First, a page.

Uzbekistan steps up healthcare expenditures
ISIL oppresses religious minorities
Sindh establishes new security unit
Kyrgyzstan develops 'innovative schools'
FATA tribesmen welcome expansion of political rights
Zardari signed extension of Political Parties Act to FCR August 12
By M. Ibrahim
KHYBER AGENCY – Residents of the Federally Administered Tribal Areas have hailed the extension of the Political Parties Act to their area and amendments to the century-old Frontier Crimes Regulation (FCR), which they had long despised as an oppressive colonial-era law.
“I dedicate this historic day to the poor and (oppressed) people of FATA and the former martyred prime minister of Pakistan, Ms. Benazir Bhutto, who had contested the legality of FCR in the Supreme Court of Pakistan,” Zardari announced August 12, to the thunderous applause of tribal elders and government functionaries, when he signed the two regulations in Islamabad.
Zardari introduced a regulation to amend the FCR under Article 247 of the Constitution. He also extended the Political Parties Act 2002 to FATA, allowing political parties to operate there as they do elsewhere in Pakistan. Prior to the extension, FATA’s 12 members in the National Assembly were elected independently and could not join any political party. The same restrictions applied to its senators.
“The extension of Political Parties Act 2002 affords a unique opportunity to the people of FATA to freely engage in the political process and play an active role in national development,” Prime Minister Yousuf Raza Gilani said on its passage.
On amending the FCR, Gilani said, “We have broken the myth that use of force is necessary to govern the people of FATA,” adding that the reforms were an initiative of his democratic government to empower the population of the tribal areas.
National Assemblyman Allama Noor ul Haq Qadri, from Khyber Agency, expressed hope the new regulations would ensure stability.
“It is time the political parties exert their pressure to end terrorism in FATA and strengthen the new system,” he said. Qadri lost four of his close relatives to militancy soon after joining the National Assembly in 2007.
The most important provision in the FCR amendment regards setting up the FATA Tribunal, an exclusive judicial forum for FATA inhabitants.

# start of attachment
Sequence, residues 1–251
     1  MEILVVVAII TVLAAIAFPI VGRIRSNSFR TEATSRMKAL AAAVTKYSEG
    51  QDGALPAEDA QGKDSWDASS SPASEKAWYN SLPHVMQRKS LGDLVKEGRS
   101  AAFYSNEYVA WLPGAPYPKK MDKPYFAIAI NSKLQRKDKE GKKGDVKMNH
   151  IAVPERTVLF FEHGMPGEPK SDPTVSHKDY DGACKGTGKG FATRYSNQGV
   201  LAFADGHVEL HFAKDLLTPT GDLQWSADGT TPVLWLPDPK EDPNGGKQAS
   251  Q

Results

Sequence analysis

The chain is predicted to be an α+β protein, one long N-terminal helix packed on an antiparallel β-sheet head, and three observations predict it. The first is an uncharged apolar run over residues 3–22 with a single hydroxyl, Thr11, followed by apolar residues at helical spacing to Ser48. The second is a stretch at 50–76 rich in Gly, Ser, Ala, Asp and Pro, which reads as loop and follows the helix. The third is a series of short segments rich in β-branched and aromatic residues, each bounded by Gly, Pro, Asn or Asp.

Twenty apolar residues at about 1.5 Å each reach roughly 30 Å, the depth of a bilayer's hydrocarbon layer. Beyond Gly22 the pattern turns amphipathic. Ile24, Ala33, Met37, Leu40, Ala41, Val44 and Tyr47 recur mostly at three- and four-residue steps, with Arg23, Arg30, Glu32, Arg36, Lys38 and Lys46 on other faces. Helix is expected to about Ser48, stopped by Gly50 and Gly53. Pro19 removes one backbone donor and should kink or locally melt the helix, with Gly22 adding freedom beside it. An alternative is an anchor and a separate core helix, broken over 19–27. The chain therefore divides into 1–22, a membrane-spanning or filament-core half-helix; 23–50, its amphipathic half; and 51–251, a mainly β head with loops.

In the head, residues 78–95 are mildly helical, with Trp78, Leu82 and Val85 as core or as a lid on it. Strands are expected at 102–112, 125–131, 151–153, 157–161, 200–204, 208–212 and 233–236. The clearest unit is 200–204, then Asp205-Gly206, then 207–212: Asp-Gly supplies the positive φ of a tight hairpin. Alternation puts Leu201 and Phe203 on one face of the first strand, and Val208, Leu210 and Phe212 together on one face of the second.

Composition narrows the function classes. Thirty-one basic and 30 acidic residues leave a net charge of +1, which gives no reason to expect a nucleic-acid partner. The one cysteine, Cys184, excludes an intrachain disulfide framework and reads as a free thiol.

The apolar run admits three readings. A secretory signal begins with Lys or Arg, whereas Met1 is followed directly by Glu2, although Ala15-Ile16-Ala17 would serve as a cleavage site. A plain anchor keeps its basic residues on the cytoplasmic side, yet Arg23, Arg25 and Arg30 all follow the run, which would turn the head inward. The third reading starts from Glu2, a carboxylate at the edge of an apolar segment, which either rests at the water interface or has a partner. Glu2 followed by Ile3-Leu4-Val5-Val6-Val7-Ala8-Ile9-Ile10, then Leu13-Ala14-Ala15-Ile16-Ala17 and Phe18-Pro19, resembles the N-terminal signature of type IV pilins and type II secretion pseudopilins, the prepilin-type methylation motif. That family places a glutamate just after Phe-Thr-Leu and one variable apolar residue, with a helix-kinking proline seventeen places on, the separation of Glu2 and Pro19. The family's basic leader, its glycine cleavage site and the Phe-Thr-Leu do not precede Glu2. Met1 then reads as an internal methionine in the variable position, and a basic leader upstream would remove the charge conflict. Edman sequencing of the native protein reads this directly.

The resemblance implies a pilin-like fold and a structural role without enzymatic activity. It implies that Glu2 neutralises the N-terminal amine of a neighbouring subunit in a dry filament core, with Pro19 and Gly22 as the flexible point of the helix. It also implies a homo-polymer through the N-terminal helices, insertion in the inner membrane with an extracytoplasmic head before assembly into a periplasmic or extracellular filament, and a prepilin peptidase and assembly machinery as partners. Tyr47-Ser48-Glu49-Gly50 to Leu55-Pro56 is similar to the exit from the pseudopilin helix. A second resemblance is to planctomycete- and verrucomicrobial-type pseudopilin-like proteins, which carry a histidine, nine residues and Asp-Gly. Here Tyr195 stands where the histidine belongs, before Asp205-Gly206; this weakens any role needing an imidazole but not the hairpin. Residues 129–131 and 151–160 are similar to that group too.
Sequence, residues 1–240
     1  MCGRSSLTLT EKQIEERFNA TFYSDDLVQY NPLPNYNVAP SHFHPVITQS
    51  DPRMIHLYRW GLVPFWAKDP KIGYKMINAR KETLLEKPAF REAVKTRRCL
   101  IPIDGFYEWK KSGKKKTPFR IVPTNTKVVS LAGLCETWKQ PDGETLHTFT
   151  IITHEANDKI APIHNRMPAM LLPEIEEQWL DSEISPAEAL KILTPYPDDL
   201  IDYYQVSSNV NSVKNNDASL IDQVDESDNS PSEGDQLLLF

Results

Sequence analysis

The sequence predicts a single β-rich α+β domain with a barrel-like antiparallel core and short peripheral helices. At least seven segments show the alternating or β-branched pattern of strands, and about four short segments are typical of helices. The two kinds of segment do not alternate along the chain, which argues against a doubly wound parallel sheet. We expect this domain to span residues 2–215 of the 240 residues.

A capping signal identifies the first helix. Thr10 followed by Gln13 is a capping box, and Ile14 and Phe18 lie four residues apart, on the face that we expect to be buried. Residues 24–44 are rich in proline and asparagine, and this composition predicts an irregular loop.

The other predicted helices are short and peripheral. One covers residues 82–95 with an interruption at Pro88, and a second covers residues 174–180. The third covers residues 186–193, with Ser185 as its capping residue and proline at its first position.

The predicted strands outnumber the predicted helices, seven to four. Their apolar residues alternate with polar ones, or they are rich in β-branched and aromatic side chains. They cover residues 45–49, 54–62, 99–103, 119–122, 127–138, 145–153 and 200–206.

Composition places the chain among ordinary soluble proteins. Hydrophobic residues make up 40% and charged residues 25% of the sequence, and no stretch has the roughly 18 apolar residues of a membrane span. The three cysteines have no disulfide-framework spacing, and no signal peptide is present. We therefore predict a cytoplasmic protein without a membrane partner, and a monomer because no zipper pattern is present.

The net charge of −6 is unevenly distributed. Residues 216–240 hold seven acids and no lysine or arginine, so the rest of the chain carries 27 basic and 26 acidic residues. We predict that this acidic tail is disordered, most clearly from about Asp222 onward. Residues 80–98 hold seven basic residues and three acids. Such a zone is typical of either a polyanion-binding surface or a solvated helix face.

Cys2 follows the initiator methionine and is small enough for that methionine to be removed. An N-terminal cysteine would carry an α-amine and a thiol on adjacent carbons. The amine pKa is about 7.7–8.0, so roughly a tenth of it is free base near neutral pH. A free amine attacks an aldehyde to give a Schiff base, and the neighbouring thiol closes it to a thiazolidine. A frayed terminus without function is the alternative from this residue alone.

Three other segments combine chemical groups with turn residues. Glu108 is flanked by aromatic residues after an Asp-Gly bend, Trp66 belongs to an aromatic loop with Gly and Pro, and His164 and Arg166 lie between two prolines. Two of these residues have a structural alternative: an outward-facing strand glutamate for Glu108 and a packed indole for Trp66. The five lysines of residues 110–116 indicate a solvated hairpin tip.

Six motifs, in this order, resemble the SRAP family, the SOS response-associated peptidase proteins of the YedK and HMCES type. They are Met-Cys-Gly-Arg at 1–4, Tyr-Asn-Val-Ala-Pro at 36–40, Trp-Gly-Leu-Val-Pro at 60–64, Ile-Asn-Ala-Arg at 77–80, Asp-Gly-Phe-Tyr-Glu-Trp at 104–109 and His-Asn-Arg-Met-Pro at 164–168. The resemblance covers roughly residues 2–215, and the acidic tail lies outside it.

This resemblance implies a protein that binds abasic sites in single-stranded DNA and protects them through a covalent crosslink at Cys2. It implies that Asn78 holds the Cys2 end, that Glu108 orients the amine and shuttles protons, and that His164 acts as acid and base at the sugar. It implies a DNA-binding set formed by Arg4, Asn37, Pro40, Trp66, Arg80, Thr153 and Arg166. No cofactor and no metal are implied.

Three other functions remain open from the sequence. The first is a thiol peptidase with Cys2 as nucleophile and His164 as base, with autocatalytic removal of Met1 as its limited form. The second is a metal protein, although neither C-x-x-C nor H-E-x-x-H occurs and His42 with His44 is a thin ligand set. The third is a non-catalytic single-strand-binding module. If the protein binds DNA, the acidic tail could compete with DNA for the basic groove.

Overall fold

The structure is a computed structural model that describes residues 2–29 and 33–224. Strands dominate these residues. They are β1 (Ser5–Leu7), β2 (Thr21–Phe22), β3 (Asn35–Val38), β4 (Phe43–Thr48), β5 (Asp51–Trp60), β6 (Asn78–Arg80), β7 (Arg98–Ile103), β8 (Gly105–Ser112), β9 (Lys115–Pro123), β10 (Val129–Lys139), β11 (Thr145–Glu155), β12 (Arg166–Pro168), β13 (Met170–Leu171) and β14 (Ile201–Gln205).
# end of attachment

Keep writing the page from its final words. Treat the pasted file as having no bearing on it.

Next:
Detention of women, children, elderly to end
Retired superior court judges will be on the tribunal, which will have powers akin to those of the Supreme Court under Article 199 of the Constitution. Before the new regulations took effect, Article 247 of the Constitution excluded FATA from the superior court jurisdiction, giving it no proper mechanism for guaranteeing constitutional rights.
Another major FCR reform exempts women, elders over 65 years, and children under 16 from detention under collective and territorial responsibility. Under the original FCR’s clause on collective responsibility, authorities had periodically detained tribal women and even infants.
The revisions also compel the administration to produce a detainee before the court within 24 hours of arrest. Convicts also will have the right to appeal sentences, a first, before the FATA tribunal. Malik Waris Khan, a tribal elder from Khyber Agency and a former federal minister, said he hoped the amendment would ensure speedy and fairer justice.
“The present system has become obsolete, and changes were needed in order to make it appealing for the people of the region,” he said.
Financial oversight introduced
The government also intends to curtail the powers of political agents in releasing funds and imposing fines and to make the administration liable to audits by the auditor general of Pakistan.
In the past, tribesmen had denounced the political agents’ financial powers as unbridled, complaining that government-nominated tribal elders controlled most funds under that system.
Such changes will ensure the judicious spending of developmental funds and will bring transparency to development schemes in the area, Senator Abdur Rashid of Bajaur said.
The reforms took life after a two-year delay. Zardari promised nearly identical reforms in August 2009, but for undisclosed reasons the relevant regulations were never issued.
Munir Orakzai, leader of the FATA delegation in parliament, called the announcement historic and said it would pave the way for bringing the tribal areas into mainstream politics.
“The two regulations are to the total satisfaction of FATA parliamentarians, and they will open new avenues for development, prosperity and well-being for the people of tribal areas,” he said. “Now, it is the responsibility of the elected representatives of FATA and the government functionaries to ensure the prompt execution of these reforms.”
The new laws “would ensure the provision of basic human rights to the tribesmen,” said Abdul Latif Afridi, a former member of parliament and a key leader of the Awami National Party.